5. #5
    Join Date
    Sep 2005
    Posts
    843

    Default

    Quote Originally Posted by BeZe View Post
    So I would not need slower than 90 IPM to weld on 22 gauge?

    What accounts for the beter arc handling characteristics on the HH187 ( which was my first choice.)
    On 22 ga., with either the MM 180 or HH 187, I am able to run 2" long stringer beads on a tight fit up butt joint, without blowing through. Of course I wouldn't run this long of bead in actual use. I was just testing the units capabilities at the time.

    .023 is a fairly fine wire. At 90 IPM with an .023 wire you're going to be below the rated 30 amp low end output of the MM 180.

    The design of the choke (arc stabilizer) influences the arc charateristics and weld puddle wet out.

  6. #6
    Join Date
    Dec 2006
    Location
    Bertram TX
    Posts
    157

    Default Miller is ALWAYS the right choice

    If I'm correct, doesn't the MM180 have an automatic wire speed function so you set the votage and the wire speed adjusts itself? The Hobart has 6 or 7 preset voltage settings? ALSO....when you get that far down on the voltage/wirespeed are you getting into the globular transfer range? Anyhoo...food for thought.

  7. #7
    Join Date
    Jan 2006
    Location
    Albuquerque, NM
    Posts
    1,788

    Default

    Quote Originally Posted by Aircraft Welder View Post
    If I'm correct, doesn't the MM180 have an automatic wire speed function so you set the votage and the wire speed adjusts itself? The Hobart has 6 or 7 preset voltage settings? ALSO....when you get that far down on the voltage/wirespeed are you getting into the globular transfer range? Anyhoo...food for thought.
    The auto-set I believe you are refering to is only on the MM140 auto-set model. The MM180 comes with wire speed tracking which is turned off at delivery and can be turned on if you want to use it. Also you get into globular transfer after passing through short arc on the way to spray. The HH187 has 7 taps, which will give you plenty of range to do any thickness it's rated for.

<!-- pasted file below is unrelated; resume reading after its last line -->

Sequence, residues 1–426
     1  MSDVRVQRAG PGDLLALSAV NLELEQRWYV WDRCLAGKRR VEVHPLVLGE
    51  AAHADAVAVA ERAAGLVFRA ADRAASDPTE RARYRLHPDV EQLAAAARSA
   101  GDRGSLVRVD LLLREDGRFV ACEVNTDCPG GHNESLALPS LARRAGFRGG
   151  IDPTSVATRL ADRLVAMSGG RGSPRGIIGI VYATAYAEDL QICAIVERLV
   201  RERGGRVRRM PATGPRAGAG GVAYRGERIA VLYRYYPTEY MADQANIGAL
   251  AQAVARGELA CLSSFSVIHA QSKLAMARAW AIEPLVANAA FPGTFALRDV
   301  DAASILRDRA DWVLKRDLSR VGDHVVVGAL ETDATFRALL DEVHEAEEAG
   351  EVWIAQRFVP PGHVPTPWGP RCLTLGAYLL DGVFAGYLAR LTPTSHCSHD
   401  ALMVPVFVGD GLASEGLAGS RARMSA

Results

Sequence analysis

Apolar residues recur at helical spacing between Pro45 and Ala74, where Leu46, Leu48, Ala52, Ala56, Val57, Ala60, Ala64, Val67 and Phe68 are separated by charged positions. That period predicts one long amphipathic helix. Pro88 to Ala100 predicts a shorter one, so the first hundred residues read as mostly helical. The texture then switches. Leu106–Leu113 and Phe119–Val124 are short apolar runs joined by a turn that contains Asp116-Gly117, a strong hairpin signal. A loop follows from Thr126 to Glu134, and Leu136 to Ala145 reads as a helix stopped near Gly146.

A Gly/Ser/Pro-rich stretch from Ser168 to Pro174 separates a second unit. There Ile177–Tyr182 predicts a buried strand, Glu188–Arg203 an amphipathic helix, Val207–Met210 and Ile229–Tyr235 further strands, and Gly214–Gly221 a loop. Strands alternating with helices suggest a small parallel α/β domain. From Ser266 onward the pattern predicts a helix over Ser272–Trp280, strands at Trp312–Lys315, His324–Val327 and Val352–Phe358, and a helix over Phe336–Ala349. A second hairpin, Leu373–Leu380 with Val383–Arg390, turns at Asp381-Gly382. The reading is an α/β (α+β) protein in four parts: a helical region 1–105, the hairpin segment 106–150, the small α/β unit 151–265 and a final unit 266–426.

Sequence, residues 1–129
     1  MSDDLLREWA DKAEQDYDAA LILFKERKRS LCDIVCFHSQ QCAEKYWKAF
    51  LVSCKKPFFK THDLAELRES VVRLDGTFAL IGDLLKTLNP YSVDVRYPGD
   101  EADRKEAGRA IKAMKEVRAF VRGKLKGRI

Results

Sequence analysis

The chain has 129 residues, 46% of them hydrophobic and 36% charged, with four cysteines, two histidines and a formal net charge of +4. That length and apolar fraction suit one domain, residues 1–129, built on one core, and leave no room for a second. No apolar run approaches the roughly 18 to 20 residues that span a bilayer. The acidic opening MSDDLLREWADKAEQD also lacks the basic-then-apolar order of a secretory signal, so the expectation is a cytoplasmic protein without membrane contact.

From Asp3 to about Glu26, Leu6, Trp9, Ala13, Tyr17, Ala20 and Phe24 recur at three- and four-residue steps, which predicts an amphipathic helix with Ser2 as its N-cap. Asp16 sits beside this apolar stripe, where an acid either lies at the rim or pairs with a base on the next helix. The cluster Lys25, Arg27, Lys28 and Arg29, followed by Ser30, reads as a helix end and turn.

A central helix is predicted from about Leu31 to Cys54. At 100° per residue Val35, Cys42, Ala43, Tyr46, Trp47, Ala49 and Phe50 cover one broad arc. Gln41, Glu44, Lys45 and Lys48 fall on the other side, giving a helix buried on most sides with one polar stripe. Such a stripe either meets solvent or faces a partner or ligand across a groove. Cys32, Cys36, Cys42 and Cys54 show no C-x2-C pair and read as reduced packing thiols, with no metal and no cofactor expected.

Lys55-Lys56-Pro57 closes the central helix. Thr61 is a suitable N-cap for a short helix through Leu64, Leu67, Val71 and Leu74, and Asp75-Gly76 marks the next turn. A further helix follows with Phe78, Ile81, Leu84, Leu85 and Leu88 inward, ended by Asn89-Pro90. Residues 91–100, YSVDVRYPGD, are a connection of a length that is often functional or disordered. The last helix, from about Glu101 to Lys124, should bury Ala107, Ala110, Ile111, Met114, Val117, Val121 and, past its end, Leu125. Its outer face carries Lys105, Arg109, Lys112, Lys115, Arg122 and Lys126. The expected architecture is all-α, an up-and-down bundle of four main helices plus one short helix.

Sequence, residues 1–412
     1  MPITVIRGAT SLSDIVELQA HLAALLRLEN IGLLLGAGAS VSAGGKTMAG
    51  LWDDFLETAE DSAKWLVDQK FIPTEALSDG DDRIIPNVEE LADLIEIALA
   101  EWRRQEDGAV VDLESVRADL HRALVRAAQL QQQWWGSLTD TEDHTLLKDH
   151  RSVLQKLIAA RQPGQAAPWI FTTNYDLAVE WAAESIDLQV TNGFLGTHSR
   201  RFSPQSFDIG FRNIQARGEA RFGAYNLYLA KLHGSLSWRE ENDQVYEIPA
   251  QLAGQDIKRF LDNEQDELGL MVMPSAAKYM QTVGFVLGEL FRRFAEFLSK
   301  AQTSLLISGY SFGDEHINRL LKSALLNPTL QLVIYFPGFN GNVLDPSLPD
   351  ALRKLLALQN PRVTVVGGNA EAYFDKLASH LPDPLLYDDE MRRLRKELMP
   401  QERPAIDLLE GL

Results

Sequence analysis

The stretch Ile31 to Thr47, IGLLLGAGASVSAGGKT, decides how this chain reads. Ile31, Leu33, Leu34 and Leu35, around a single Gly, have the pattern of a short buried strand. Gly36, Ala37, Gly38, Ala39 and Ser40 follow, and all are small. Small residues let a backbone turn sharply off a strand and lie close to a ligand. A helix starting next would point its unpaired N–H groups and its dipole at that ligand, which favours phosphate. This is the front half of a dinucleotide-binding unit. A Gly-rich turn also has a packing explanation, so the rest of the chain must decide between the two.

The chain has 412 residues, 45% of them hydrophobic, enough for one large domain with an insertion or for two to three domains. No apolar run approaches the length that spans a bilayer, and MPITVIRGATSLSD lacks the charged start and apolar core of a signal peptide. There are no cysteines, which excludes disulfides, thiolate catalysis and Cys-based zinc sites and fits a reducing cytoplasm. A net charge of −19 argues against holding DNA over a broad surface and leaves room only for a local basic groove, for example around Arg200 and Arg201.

Regards, George

    Hobart Handler 210 w/DP3035 - Great 240V small Mig
    Hobart Handler 140 - Great 120V Mig
    Hobart Handler EZ125 - IMO the best 120V Flux Core only machine

    Miller Dynasty 200DX with cooler of my design, works for me
    Miller Spectrum 375 - Nice Cutter

  8. #8
    Join Date
    Oct 2006
    Location
    DFW area
    Posts
    180

    Default

    Quote Originally Posted by BeZe View Post
    Although I have been doing stick for years and even done some underwater welding when I worked as a commercial diver ,

    I am a newbie to MIG.

    After you get setteled in here,

    Would you be so kind as to tell a little of underwater welding, and how its done?

    Not that I, or many others here would ever do it, but its just fasinating.

    The closest I ever came to learning of it was talking to a oil rig (dry suit)diver/welder once that only told of being 'harrased' by sharks....
    At least until he struck a arc and they sort of twitched a bit, and fell away towards the seabed....